I have been thinking a lot recently about the distribution of prime numbers — in particular, I’ve been trying to figure out if there is a way to predict the sequence of gap sizes between primes. But anyway, in the course of that investigation I came across a really cool site about number spirals in which the author develops a set of formulas and insights from them based on a particular way of aligning numbers in spirals. It’s a very interesting, visual, site that anyone who knows basic algebra can understand. I wonder if some of the properties of these spirals relate to physics — particularly the orbits of planets or the positions of particles?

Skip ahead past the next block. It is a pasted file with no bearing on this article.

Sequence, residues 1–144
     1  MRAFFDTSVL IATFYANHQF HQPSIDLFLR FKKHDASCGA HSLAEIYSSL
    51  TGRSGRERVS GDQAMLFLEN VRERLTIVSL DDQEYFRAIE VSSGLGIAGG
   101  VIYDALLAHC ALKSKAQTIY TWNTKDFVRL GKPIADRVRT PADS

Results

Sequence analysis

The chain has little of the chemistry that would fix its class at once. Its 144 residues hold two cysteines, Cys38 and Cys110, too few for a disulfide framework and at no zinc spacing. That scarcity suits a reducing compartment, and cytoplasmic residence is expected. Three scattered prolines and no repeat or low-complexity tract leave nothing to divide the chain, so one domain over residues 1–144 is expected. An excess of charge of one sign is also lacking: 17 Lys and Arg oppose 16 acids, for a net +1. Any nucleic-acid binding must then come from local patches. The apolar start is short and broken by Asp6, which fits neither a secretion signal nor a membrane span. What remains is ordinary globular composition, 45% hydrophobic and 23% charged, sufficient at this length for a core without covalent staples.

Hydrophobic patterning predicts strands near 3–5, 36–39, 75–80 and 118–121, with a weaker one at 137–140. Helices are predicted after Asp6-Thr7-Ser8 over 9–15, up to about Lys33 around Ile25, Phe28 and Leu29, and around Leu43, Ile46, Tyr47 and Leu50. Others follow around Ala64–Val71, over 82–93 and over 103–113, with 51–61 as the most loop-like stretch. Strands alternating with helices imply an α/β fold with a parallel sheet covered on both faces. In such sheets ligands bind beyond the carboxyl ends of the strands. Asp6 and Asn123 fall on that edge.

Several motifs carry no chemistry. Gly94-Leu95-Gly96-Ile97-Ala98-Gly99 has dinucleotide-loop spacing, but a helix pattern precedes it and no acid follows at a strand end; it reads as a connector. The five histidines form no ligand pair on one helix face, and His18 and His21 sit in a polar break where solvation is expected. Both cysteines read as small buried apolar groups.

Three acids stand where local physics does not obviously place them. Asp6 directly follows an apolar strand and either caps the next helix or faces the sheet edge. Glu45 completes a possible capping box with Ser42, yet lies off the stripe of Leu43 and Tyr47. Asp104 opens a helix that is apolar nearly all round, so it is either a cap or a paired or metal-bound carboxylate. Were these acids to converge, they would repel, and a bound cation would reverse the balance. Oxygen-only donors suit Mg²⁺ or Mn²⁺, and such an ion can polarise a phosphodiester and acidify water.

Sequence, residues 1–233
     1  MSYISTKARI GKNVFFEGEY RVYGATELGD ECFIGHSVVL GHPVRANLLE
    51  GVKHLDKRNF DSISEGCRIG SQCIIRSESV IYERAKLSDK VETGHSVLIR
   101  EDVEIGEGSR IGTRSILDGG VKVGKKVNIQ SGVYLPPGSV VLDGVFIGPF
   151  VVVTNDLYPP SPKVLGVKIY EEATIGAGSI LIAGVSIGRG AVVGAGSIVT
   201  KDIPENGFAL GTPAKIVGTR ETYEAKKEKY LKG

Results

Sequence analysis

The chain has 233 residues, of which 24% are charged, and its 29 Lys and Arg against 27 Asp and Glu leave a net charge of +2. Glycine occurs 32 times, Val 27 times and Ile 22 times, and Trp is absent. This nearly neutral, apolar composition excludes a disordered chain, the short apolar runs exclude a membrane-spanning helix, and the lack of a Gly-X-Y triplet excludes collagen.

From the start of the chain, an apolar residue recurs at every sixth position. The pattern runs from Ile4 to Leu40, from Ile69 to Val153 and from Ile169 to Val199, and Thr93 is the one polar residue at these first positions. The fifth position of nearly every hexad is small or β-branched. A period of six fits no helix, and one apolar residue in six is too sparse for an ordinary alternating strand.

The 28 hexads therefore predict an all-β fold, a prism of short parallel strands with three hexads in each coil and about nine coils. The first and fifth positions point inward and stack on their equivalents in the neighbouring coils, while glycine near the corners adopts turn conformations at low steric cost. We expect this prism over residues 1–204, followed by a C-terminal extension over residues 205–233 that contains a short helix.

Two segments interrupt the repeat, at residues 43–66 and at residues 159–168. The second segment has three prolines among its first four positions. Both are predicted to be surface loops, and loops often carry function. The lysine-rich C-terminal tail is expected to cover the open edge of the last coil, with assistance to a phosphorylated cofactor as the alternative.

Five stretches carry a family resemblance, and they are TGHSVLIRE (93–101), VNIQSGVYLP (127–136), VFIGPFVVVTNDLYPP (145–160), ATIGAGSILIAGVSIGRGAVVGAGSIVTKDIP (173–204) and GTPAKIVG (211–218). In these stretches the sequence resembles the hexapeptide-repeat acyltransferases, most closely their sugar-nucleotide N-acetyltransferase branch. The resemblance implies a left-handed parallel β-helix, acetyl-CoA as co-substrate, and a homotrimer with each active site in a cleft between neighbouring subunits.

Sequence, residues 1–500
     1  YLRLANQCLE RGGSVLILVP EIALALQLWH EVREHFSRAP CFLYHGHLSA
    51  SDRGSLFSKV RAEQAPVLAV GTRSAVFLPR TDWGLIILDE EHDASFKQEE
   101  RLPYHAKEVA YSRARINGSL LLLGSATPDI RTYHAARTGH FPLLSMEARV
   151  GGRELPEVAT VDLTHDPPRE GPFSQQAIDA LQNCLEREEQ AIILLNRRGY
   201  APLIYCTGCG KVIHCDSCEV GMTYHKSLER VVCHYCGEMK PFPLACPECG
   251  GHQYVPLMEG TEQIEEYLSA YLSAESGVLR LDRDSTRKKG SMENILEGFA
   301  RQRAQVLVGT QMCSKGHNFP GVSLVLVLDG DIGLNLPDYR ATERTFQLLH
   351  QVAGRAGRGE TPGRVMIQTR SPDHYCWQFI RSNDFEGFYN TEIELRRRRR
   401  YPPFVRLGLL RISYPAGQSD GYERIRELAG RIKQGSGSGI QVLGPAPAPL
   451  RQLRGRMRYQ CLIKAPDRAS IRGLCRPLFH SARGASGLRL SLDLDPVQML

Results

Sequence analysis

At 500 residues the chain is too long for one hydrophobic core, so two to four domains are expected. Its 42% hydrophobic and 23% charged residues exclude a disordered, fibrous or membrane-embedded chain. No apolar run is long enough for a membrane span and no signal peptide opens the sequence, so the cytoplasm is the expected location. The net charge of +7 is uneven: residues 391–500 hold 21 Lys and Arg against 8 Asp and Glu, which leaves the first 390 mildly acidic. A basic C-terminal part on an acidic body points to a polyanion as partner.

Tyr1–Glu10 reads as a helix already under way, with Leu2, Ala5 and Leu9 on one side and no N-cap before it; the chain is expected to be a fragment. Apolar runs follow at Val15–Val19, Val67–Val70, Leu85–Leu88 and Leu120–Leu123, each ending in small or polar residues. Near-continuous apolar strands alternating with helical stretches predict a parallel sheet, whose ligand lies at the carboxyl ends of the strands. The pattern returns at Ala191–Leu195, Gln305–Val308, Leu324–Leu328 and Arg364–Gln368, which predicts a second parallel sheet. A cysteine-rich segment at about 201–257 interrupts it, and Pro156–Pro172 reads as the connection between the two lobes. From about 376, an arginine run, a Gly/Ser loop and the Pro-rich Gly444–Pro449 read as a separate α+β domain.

I also found this site which has several illustrations on it of various spatial visualizations of primes — the one I found most interesting is the “Golbach Folding at Multiples of 30,” a way to make the primes line up (with one minor catch!).
This is another interesting site that provides music generated by prime number sequences that sounds suspiciously like free-jazz.
As long as we’re on the subject — I just found this obscure research paper that shows the prime numbers at work in nature — they find that predator-prey interactions obey patterns that tend to favor prime numbers. Interesting. This adds to my hunch that the primes play an important role in nature — and that they may be fundamental to understanding the patterns at work in chaotic dynamical systems.Social tagging: Fringe > Games > Philosophy > Physics